President Biden has signalled his renewed support for the Quad, and on 12 March joined the leaders of the other three member countries in the group’s first summit, where they made a joint pledge to distribute one billion COVID vaccines across the region and flagged further cooperation on maritime, cyber and economic security. But it has not been Washington driving this. The credit really belongs with the other three partners, who came to a judgment that they needed to work together to set the regional agenda rather than become collateral damage from the strategic competition between the two global hegemons. As established middle powers, they recognised their combined potential and worked actively to navigate the fragmenting regional landscape, and have now created a credible intra-regional security partnership.
Meanwhile they have strengthened their own bilateral ties with each other, developing their security links and jointly funding important development partnerships with the region’s lower income countries. They have been shocked by Chinese aggression into working to diversify their own supply chains in the interests of greater independence. They are also showing a new willingness to engage on regional security issues with European countries which still feel they have something to contribute beyond their own hemisphere. Australia, India and France may not be an intuitive combination for many, but a formal trilateral dialogue has been underway between them since September 2020. France is also still very much a power in the South Pacific. Like-minded partners also welcome the United Kingdom’s stated intention to have a more visible and active presence in the Indo-Pacific, and its willingness to speak up on Hong Kong.
Each of the Indo-Pacific’s three middle-power democracies believe in the value of US engagement in the Indo-Pacific, and will continue to encourage the new administration in Washington down the path it has started to tread. Many other regional nations also want America to get back to playing its traditional stabilising role, even if they are not as vocal about it. But key US allies in the region are no longer content to wait for Washington to step back in. They can be expected to act more deliberately and independently, and to work more with each other.
It also won’t be enough, from their point of view, for Biden to do better than Trump. That is too low a bar. President Trump made ridiculous demands of Japan in the military sphere while also threatening its auto industry with increased tariffs. He agreed with regional allies to maximise pressure on North Korea and then launched a bizarre bromance with its leader. When it came to China we went from trade cooperation to conflict and back again, and we were never sure if he was encouraging or condemning Beijing’s approach to the Uigurs. The deeper truth, though, is that regional faith in the America’s stabilising role had already declined before the election of Donald Trump in 2016. Obama’s ‘pivot to Asia’ was a disappointment to many. It was under-resourced, and internal Democrat politics dented the administration’s trade policy ambitions in the region. Political changes in Japan undermined the military alliance and Obama’s attempts to engage North Korea led only to military attacks on the South and a nuclear test.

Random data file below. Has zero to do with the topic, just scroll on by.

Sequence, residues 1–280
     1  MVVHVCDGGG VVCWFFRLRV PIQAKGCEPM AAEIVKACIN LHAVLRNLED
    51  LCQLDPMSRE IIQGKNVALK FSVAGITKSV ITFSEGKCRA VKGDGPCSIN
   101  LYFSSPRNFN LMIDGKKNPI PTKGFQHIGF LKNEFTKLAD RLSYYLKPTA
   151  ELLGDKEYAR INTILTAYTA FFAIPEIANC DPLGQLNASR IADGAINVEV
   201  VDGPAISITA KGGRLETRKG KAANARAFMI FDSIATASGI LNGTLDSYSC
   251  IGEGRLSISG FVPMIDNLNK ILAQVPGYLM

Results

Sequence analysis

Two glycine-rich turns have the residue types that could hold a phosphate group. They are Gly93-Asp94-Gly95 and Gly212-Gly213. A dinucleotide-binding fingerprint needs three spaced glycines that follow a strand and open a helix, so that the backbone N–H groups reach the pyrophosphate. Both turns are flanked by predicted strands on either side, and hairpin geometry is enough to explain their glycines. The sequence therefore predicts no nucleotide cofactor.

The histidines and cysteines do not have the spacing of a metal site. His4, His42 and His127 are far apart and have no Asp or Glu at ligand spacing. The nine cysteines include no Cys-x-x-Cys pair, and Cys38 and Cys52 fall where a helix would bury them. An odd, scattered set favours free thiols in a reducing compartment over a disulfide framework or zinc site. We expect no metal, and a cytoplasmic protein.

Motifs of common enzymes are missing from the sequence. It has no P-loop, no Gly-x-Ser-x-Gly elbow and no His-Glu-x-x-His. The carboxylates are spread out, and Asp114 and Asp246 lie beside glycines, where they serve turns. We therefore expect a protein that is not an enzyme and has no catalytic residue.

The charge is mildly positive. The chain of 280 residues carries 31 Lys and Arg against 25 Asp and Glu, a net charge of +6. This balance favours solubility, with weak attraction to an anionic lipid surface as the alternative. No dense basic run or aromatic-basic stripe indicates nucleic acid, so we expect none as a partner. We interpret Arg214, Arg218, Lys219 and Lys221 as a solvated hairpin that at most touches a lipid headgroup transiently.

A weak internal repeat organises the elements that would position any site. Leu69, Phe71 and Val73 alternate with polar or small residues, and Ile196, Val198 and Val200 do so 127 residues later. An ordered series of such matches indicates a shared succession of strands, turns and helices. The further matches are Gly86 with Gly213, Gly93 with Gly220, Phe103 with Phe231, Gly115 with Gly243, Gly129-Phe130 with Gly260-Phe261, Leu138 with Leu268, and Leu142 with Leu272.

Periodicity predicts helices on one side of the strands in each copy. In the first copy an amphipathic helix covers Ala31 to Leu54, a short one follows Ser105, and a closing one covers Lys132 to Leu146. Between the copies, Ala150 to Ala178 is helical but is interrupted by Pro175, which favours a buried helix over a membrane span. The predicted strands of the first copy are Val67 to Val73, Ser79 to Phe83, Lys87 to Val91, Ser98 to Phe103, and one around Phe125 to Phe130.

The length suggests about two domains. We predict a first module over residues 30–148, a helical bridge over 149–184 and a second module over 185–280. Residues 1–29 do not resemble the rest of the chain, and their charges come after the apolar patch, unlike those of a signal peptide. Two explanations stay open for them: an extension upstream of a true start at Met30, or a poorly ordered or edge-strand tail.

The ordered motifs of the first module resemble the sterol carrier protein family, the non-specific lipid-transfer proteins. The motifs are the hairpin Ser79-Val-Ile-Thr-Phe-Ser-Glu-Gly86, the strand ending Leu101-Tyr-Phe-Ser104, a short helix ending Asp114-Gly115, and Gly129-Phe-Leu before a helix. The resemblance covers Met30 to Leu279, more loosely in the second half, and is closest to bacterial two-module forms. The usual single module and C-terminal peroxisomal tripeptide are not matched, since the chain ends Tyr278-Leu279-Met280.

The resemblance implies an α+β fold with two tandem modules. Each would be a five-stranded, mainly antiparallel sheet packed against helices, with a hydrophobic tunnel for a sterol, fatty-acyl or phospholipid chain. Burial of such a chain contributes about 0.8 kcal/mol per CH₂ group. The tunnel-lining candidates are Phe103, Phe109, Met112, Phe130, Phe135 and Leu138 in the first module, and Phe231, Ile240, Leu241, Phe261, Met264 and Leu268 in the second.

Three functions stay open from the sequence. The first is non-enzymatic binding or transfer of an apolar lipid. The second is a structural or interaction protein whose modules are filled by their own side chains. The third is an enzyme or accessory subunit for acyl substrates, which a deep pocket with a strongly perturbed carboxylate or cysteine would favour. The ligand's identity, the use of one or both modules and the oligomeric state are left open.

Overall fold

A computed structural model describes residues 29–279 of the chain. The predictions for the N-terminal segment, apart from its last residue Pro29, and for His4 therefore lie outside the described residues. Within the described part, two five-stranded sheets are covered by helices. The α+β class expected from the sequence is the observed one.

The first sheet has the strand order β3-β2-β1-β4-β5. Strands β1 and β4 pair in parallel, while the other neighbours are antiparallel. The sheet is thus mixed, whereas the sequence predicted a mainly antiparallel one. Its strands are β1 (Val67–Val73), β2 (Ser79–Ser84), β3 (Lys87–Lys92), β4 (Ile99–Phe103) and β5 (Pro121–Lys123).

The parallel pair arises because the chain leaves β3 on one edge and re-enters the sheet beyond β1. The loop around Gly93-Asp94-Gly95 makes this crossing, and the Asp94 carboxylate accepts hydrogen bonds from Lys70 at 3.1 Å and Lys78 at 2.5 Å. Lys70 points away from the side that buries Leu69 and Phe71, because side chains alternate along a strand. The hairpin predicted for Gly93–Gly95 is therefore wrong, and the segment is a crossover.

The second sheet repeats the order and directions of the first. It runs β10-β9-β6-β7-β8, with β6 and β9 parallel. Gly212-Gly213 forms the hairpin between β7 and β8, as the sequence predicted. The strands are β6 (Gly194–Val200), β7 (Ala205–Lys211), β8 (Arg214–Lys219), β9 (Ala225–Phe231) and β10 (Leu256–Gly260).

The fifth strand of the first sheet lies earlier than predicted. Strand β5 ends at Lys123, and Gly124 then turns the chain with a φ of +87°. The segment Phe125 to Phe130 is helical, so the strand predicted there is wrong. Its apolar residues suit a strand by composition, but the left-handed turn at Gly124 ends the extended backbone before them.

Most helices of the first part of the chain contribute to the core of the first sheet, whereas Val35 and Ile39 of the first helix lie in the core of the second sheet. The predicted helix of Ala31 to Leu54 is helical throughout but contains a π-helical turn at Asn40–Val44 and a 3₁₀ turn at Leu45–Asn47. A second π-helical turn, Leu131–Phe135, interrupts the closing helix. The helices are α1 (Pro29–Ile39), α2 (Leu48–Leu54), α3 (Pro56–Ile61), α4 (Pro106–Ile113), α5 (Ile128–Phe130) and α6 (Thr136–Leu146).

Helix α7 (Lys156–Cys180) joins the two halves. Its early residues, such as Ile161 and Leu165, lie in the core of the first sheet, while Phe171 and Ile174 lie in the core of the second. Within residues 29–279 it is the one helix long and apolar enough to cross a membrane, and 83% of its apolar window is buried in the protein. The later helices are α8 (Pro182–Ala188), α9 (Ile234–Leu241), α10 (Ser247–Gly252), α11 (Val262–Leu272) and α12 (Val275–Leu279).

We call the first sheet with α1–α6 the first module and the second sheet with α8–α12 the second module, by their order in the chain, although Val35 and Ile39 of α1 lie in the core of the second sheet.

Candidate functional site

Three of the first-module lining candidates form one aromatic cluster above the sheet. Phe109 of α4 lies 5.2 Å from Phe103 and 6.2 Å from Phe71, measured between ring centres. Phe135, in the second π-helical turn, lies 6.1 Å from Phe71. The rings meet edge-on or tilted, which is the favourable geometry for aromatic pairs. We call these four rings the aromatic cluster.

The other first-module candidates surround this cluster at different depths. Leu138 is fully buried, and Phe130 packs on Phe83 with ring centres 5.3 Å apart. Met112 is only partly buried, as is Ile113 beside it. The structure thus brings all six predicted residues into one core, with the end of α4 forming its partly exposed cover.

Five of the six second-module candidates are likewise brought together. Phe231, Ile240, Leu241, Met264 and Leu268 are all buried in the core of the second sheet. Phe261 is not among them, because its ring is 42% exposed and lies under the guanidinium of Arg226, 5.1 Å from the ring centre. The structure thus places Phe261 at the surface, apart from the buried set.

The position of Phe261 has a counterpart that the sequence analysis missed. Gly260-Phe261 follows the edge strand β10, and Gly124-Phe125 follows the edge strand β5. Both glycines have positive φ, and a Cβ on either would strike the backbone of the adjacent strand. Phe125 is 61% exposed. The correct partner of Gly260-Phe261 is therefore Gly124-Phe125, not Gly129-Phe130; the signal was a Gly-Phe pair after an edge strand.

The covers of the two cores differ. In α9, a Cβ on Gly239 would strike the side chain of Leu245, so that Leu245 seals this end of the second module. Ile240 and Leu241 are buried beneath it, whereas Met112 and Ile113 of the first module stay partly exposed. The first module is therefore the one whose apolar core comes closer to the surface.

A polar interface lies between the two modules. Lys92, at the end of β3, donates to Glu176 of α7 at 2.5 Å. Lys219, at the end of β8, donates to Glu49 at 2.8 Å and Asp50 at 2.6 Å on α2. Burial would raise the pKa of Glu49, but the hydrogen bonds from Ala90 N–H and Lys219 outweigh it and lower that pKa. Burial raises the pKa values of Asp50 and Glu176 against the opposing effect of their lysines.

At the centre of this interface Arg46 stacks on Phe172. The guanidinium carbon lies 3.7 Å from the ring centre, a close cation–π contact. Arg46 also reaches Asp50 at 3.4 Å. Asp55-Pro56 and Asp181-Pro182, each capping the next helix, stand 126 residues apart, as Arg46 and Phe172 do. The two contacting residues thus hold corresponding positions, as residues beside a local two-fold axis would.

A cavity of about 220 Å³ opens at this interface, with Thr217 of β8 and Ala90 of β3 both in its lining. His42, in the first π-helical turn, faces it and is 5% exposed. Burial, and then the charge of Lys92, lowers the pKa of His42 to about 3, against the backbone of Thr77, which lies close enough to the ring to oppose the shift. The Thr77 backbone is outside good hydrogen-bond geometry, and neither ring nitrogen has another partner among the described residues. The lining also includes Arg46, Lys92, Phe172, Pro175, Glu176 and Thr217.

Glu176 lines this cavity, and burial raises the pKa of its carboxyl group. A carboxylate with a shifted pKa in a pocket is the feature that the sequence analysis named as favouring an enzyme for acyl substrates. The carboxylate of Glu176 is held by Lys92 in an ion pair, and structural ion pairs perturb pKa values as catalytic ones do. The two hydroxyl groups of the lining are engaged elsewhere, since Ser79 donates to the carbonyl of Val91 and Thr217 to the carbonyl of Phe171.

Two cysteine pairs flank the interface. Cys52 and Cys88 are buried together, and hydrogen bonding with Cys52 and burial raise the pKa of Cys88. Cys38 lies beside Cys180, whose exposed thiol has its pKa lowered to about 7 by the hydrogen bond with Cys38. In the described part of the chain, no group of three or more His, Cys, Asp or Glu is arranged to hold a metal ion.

The dynamics of this region have changed in ways that should be welcome to everyone other than Beijing and its client states. We can expect a more activist approach from key US allies in setting the agenda with the US, and a more complex web of intra-regional cooperation among countries that believe in a rules-based international order. These shifts may require some adjustment in thinking on the part of the US administration – there are higher expectations now about what real commitment to the region should look like. The United States will need to show up to the region’s summit meetings, participate actively in its economic architecture, and speak out when principles are being trashed. With its allies, it will need to maintain a consistent focus on promoting recovery in a part of the world that is critical to global security and prosperity, but which is also scarred by the pandemic. In all this Washington will need to be prepared to be guided by the expertise that exists in the region.